World AIDS Day takes place on December 1st every year, founded in 1988 being the first ever Global Health Day. This day is important because it reminds people that HIV hasn’t gone away and there’s still a need to raise money, increase awareness, fight prejudice and improve education on the topic. 

Acquired Immunodeficiency Syndrome (AIDS) is the last of the three stages of HIV (Human Immunodeficiency Virus), it occurs when the immunodeficient system is very damaged because of the virus. HIV is a virus that attacks cells that help the body fight infection, making a person more vulnerable to other infections and diseases, according to HIV.gob. There is no cure, but it is treatable with medicine. The only way to know and be sure if you have HIV is by getting tested.

The virus can be transmitted through contact with infected blood, by unprotected sexual contact, by mother to baby, by pregnancy, labour, or nursing. The stages of the virus are Acute HIV Infection, some people have flu-like symptoms, while others may feel nothing at all; Chronic HIV Infection or Asymptomatic HIV Infection or Clinical Latency, people can transmit HIV in this phase; and Acquired Immunodeficiency Syndrome.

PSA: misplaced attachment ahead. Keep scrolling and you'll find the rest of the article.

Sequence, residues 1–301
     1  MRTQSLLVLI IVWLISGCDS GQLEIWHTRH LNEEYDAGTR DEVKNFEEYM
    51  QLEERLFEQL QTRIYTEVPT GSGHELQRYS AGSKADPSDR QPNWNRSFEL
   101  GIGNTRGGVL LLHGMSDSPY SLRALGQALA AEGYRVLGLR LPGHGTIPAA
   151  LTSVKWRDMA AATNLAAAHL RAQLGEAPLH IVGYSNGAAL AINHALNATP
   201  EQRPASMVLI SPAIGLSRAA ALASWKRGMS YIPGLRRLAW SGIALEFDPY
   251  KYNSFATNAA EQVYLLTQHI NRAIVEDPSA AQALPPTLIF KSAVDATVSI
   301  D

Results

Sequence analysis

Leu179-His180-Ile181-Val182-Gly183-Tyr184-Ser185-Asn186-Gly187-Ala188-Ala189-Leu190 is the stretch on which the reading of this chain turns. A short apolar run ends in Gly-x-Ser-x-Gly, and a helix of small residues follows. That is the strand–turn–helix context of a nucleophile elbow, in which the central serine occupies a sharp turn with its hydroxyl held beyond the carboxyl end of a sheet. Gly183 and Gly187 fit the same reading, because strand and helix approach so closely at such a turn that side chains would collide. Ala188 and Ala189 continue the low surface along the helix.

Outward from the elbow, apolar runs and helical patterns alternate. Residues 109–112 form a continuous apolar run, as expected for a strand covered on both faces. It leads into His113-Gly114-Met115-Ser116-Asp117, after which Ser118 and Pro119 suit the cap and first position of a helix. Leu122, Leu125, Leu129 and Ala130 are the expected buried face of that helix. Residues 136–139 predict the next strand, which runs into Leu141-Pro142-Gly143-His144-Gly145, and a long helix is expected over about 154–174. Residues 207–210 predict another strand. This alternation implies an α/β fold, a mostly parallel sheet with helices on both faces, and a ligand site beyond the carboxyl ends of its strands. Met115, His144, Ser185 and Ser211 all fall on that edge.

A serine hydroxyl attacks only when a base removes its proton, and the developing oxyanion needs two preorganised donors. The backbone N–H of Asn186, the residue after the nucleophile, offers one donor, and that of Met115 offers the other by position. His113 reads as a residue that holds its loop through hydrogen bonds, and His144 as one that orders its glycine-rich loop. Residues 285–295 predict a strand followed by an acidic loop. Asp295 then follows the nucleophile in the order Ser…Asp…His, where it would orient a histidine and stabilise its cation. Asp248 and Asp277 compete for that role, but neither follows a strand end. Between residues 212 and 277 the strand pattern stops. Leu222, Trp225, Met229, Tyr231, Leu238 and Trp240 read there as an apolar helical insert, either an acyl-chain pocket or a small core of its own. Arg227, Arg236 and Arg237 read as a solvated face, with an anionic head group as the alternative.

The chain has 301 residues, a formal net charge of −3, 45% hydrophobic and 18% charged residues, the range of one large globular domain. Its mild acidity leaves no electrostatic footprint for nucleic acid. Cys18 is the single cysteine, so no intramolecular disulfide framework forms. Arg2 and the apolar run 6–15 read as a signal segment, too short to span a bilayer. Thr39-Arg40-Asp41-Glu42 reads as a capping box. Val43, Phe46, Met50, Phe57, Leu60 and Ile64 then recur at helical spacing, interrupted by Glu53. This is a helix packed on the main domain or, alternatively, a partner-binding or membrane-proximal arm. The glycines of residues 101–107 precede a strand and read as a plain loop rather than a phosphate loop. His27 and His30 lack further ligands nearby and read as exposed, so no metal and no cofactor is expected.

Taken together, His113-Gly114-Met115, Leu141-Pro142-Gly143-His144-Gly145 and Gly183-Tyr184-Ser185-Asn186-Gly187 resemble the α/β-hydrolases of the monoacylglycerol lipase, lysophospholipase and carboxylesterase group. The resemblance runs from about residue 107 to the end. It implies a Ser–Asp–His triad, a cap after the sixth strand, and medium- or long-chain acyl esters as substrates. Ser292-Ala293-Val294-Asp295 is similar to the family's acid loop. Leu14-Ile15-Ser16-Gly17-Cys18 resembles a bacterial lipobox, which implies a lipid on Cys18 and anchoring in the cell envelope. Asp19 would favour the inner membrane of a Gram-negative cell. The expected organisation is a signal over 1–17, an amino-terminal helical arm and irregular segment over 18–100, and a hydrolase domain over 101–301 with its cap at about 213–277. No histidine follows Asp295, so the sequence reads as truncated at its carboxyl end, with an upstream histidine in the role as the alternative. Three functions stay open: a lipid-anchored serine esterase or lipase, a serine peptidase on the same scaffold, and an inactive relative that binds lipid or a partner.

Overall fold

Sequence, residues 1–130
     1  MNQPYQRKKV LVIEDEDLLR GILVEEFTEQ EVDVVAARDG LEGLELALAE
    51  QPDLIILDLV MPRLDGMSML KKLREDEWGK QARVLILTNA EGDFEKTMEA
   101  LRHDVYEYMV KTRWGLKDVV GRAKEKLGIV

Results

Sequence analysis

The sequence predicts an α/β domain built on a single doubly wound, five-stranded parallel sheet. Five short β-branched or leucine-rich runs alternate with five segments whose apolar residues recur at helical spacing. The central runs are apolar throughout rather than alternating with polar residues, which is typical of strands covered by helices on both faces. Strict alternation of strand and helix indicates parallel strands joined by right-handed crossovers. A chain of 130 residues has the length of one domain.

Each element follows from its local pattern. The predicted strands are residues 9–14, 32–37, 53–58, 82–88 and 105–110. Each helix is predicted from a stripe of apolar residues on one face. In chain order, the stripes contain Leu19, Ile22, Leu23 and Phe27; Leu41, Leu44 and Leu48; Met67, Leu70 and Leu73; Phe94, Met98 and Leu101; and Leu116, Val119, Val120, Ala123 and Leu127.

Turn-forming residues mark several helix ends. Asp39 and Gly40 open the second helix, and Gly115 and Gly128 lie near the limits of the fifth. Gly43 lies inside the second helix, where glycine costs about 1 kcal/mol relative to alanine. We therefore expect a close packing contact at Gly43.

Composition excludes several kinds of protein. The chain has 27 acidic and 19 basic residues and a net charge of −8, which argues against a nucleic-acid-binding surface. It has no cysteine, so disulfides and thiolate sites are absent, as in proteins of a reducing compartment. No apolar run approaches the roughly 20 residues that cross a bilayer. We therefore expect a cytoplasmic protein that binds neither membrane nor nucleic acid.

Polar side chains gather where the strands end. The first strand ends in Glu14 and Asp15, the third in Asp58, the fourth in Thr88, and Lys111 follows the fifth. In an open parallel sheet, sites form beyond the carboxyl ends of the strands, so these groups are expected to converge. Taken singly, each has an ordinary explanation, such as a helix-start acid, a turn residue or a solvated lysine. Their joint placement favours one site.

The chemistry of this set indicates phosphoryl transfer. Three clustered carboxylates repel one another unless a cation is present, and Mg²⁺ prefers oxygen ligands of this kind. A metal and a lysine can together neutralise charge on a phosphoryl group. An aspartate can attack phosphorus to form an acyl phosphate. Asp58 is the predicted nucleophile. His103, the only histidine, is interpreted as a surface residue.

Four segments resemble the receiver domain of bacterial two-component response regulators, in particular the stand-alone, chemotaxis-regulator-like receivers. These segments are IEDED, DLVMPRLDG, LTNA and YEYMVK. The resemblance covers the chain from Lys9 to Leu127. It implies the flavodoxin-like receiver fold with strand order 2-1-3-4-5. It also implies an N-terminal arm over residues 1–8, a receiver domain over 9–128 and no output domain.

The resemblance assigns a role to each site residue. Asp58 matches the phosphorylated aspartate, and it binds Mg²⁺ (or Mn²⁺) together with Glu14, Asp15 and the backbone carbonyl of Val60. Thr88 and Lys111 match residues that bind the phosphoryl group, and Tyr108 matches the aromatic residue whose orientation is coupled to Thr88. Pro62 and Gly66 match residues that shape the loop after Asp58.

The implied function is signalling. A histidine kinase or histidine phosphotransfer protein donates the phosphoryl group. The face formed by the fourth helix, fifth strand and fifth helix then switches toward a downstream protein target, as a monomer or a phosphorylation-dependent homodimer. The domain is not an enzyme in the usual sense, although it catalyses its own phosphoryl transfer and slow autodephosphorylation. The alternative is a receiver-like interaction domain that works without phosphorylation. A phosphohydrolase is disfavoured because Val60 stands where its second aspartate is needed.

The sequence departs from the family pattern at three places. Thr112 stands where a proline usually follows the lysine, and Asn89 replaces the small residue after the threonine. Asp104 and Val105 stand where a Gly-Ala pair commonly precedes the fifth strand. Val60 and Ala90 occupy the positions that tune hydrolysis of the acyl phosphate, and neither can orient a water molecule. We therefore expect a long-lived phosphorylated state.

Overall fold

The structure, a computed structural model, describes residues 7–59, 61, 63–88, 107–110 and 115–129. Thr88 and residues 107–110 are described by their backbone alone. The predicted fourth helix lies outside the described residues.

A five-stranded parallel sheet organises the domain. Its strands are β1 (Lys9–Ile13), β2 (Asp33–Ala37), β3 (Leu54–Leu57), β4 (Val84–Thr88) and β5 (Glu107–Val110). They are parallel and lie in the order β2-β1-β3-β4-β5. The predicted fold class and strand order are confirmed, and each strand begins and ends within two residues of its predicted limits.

The universal symbol of awareness and support for people living with HIV is a red ribbon. Wearing a ribbon is a great way to raise awareness on and during the run-up to World AIDS Day. 

World AIDS Day maybe once a year, but you can still support people living with HIV all year round. You can always donate to ACT, which works to reduce new HIV infections in Toronto and promotes the independence, dignity, health and well-being of people living with HIV and AIDS and those at increased risk of HIV, or enter the volunteer program. And raising awareness with people around you; your friends, family, at your workplace.